Defra has today published its preliminary epidemiology report into the case of H5N1 avian influenza in mute swans at the Abbotsbury Swannery, Dorset. Though the source of infection has not been identified, one hypothesis is that wild birds moving from the continent may have carried the virus to the UK.

The H5N1 virus is believed to have evolved in poultry and, worldwide, it has been transmitted in a number of ways, including movements of poultry and poultry products, the trade in captured wild birds (now banned in the European Union), direct human transfer and contact between wild birds and poultry.

Although there are both mute swans and other waterfowl present at the Swannery, the virus has only been found in six swans found dead. Samples from 60 live trapped swans and faeces from other waterfowl have tested negative. There has been no virus detected to other wild birds or domestic poultry in the vicinity.

There is much more we need to know about avian influenza in the UK, and the birds at Abbotsbury Swannery present a unique opportunity to increase our understanding of the transmission and impacts of this virus. Testing live swans for the disease was a good first step. We will support efforts by Defra to monitor progress of the virus amongst the swans at the Swannery over the coming weeks.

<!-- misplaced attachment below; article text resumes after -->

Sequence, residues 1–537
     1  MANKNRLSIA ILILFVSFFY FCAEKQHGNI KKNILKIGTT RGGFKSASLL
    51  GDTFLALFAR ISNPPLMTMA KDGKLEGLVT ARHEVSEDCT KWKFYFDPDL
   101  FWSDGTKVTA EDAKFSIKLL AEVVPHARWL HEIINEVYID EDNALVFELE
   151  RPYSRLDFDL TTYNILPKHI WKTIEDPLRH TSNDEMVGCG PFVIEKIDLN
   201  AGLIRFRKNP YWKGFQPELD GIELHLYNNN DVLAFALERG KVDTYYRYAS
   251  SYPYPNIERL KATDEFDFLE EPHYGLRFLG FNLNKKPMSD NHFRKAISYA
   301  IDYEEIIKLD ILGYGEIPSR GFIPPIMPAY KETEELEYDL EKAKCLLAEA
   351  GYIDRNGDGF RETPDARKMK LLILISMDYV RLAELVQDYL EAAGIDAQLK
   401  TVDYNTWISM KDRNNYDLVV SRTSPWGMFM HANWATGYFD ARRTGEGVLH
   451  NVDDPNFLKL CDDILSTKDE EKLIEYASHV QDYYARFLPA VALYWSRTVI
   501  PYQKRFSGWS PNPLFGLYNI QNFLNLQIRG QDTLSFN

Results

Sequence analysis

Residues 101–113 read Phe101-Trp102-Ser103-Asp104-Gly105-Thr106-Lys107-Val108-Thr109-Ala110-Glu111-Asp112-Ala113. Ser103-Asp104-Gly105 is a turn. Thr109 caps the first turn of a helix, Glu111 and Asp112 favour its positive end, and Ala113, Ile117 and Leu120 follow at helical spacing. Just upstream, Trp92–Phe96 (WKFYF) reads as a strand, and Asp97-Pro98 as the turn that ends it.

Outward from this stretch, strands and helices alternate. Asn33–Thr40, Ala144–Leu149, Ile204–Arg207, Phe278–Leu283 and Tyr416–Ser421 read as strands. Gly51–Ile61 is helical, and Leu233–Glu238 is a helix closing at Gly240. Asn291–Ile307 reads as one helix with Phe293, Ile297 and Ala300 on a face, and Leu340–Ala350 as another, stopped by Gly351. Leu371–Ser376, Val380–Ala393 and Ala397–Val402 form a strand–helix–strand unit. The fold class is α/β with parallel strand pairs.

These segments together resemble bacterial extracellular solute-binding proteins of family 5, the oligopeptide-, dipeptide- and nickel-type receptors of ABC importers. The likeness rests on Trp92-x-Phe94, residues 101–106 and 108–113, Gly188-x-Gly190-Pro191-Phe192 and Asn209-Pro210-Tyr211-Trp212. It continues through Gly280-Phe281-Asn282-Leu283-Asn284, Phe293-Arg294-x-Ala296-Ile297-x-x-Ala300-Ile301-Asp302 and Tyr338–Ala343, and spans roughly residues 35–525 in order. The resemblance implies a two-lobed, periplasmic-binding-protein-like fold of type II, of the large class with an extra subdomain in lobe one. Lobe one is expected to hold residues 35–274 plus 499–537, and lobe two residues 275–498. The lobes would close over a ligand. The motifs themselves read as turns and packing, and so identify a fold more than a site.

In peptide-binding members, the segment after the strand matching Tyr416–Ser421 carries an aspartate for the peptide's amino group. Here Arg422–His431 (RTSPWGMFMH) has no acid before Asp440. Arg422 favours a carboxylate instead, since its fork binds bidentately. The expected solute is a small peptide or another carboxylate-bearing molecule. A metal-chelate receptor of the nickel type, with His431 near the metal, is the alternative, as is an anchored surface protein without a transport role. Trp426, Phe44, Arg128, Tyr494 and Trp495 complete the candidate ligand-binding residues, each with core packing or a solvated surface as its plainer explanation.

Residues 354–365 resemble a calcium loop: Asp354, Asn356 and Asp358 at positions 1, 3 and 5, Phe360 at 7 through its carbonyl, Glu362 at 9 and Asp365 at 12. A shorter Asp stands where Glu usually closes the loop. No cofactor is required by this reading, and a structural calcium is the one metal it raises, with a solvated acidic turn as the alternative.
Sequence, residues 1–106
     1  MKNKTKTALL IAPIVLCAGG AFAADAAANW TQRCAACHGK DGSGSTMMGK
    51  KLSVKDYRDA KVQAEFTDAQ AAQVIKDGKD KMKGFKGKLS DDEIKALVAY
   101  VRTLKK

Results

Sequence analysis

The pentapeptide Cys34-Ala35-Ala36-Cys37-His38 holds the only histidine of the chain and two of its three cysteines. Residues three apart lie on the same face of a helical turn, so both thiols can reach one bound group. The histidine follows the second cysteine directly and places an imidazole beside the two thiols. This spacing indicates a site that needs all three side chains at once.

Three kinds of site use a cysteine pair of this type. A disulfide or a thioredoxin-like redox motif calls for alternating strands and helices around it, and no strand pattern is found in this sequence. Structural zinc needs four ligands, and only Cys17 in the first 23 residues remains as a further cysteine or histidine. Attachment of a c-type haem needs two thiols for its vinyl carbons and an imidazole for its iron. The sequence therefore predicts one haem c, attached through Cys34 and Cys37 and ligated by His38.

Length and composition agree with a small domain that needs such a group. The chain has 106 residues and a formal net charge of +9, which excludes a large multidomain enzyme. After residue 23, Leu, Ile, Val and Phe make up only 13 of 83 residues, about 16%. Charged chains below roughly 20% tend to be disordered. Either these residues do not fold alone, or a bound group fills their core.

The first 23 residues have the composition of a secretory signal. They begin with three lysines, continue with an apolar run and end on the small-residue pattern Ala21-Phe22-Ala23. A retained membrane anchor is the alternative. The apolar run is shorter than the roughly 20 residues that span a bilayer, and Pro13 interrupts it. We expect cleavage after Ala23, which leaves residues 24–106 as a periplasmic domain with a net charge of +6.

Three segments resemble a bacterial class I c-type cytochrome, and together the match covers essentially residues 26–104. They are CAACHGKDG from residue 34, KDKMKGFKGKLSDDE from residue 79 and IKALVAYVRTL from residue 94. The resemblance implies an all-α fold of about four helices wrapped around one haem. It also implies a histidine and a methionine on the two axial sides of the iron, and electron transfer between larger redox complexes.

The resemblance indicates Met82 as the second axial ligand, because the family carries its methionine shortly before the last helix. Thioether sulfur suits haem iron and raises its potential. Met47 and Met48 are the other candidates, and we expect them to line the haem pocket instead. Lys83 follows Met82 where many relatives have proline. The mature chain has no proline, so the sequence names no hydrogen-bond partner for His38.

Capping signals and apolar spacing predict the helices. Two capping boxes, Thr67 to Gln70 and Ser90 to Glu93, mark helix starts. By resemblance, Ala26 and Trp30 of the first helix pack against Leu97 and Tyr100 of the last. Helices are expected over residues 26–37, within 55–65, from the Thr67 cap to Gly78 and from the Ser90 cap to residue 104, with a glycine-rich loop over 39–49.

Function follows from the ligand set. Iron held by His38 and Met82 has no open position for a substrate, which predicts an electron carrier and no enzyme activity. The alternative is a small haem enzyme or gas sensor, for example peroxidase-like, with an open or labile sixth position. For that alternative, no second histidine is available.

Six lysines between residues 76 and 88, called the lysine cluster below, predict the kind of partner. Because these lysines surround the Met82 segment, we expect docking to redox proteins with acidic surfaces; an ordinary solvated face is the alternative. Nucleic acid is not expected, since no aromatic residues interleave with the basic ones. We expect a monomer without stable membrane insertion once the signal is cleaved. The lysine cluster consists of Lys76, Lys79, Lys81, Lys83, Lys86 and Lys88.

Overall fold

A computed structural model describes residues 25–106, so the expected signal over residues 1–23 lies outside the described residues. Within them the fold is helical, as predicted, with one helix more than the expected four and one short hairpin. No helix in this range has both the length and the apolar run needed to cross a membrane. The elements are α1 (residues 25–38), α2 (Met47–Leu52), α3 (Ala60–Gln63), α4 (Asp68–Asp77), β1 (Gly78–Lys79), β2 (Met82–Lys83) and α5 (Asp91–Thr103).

Surveillance for avian influenza continues on RSPB nature reserves across the UK, in order to ensure that the poultry industry and other interests have the earliest possible warning of new outbreaks. We are grateful to Scottish Natural Heritage for recognising our efforts and making a significant contribution towards our monitoring costs in Scotland.
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